The early morning sun glistened off her strawberry blonde hair, making it seem more blonde than red for once. The face her hair framed was surprisingly solemn, her teal eyes sad as they scanned the ground for any tripping obstacles. The bright red flowers she carried popped against the light blue shirt she wore.
Loriwen stepped into the cemetery. It was just as devoid of life and empty as it seemed the day they brought her father here. He insisted on being laid to rest in this old cemetery. His father, and his father’s father, and all the rest were buried here and he did not care if it was a run down plot or not. She looked around with a sigh. The day itself was lovely, warm with a breeze and sunny, yet the trees surrounding the cemetery made it dark and uninviting.
The shade engulfed her as she walked over to a stone. Bright red flowers already graced the plot where her father lay, and a sad smile sprung to Loriwen’s face. Anna was here today. Shaking her head a little bit, she placed the flowers next to Anna’s and gazed at the stone for a while.
Rojer Snowberry of Bree
26 Solmath – 16 Mede
“This is always odd at first. Where to start?” Loriwen sat down in front of the flowers, never taking her eyes from the tombstone. “I mind as well start out with the obvious. I miss you. I always miss you. I’ve taken to writing Grams letters; I hope that isn’t too crazy.” She poked one of the flowers, tracing her finger along the petal. “My woodworking is going better than ever. Have a lot of people who know my name and I get letters from many folk in the area, asking for various things to be made. I made a maple lute a few weeks ago. It was lovely, stained dark and white ivory turning keys.”
“Mmm, I suppose something I should probably mention is the farmhouse. I sold it. Couldn’t handle that much land and house on my own, and old Wheatley was keen to pick it up. He gave me a more than decent price for it, think he felt bad for me. Still was a good deal for all of us involved, he got to almost double his land and I got enough coin to buy myself a small house with a small garden. Well, more coin than just that, I have a bit of a savings now. It’s good to have padding involved, makes any emergencies that may happen less of a hassle.” She absentmindedly scratched the top of her right hand, sighing to herself when she snagged a bit of a bandage.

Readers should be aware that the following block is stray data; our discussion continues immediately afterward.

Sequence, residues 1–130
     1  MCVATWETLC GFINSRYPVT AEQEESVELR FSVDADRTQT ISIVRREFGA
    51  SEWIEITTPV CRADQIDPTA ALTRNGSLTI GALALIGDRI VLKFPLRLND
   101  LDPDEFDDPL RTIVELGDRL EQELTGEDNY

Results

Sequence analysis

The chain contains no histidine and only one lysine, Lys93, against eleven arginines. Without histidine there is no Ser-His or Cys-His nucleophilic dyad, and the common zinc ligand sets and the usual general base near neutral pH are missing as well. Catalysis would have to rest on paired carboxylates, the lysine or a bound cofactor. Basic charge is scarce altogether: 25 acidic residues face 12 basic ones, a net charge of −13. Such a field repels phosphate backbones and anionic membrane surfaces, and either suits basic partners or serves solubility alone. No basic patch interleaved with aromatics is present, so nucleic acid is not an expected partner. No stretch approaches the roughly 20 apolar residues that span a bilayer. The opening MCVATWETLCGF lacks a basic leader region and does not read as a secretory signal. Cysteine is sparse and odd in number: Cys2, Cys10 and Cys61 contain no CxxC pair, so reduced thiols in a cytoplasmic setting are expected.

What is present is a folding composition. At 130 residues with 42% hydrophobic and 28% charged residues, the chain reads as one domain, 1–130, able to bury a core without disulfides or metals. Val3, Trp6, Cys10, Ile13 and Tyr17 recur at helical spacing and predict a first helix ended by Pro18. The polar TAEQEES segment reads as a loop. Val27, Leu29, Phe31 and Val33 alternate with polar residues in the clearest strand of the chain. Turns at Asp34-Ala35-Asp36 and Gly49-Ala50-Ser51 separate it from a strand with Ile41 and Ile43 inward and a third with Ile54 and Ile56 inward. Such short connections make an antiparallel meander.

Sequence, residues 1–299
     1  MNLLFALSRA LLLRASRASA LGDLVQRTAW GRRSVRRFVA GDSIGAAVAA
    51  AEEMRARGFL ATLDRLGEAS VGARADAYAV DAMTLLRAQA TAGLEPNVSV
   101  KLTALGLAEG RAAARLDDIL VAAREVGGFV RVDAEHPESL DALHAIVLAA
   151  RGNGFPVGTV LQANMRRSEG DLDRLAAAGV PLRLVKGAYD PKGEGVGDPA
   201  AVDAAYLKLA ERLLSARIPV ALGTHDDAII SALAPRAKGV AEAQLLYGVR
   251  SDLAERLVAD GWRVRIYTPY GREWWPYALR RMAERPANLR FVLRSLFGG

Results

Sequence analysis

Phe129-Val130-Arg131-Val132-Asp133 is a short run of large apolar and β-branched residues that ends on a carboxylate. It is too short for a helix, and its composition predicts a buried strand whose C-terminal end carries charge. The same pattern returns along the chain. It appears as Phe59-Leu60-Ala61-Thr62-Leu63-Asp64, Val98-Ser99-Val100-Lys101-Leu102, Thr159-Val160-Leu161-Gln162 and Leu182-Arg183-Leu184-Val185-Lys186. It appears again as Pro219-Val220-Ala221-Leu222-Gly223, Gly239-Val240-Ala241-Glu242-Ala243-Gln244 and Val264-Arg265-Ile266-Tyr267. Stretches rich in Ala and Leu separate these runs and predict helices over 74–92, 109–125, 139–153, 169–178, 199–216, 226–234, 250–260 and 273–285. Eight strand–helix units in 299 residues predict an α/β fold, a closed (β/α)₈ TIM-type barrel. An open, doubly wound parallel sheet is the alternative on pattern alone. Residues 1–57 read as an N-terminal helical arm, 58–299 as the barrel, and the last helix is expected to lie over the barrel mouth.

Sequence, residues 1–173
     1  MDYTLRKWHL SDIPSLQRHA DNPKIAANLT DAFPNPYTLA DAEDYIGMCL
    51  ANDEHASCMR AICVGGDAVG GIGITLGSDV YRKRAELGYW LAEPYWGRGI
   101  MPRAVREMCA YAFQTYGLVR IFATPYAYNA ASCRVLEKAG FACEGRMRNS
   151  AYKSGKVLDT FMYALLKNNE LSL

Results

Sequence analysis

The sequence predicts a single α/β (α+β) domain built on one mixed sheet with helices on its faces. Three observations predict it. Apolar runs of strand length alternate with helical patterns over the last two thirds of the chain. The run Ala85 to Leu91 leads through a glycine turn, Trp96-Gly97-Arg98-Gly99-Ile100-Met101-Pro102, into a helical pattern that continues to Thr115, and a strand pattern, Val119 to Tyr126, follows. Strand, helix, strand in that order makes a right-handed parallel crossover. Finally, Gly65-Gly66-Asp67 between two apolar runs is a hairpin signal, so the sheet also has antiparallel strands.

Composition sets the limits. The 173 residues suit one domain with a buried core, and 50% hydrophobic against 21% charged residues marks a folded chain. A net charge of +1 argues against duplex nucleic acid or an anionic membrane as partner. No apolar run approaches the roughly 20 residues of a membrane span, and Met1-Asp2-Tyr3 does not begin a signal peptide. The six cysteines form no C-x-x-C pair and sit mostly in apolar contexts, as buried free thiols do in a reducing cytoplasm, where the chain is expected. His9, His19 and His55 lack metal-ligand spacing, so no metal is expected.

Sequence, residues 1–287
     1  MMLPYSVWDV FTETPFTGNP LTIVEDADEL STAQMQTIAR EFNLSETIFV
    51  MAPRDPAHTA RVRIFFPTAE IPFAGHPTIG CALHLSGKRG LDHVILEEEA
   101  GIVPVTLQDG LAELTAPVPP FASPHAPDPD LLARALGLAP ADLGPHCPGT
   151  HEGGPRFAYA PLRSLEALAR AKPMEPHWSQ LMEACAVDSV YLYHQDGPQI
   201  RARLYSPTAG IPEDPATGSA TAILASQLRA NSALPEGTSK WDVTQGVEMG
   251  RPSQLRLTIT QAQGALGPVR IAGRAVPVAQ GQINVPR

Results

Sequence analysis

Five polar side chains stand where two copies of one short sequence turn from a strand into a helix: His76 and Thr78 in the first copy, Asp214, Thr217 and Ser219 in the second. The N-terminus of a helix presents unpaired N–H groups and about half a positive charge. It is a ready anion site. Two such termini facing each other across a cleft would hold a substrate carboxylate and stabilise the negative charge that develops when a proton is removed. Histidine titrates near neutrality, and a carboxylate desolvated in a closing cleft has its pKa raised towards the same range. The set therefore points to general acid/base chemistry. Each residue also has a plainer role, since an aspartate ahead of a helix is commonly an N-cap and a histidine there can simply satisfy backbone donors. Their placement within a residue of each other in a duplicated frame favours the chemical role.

She looked down at the hand, fixing the wrapping and looking back up to the stone, a rueful expression on her face. “Still being a clumsy, crazy old woman. That will never change. Do you know I managed to get a black eye from a book a while back? Absolutely unbelievable. I was writing a letter to Grams and tipped my chair back, and hit the bookcase. Looked up to make sure everything was alright, and bam! My right eye took over a week to heal.”
She shook her head, laughing hollowly. “Ah, that will never change. I’ll always manage to get myself into barely real situations. Whether it’s falling off a bridge, being punched by a book, or even as far back as when I got myself stuck in that tree, you know I’ll find an even weirder one to top the last.”
“You know, I’m thirty today. Seems so old to my eyes, then again most younger people these days end up married around half my age. Leastways, they did back when I was that age. Seems more and more folk are shacking up and not marrying at all or they’re waiting until they’re older. Times change quickly, it seems. Folk who travel from the South and from the East bring dark words and stories with them. It’s becoming more dangerous around even Bree-land. It’s worrisome, but what can I do? I’m a simple wood carver with a serious case of bad luck.” A memory struck her and she stopped speaking. Slowly exhaling, she brought her hand from the flower down to the grass and ran her fingers through it as if it were hair.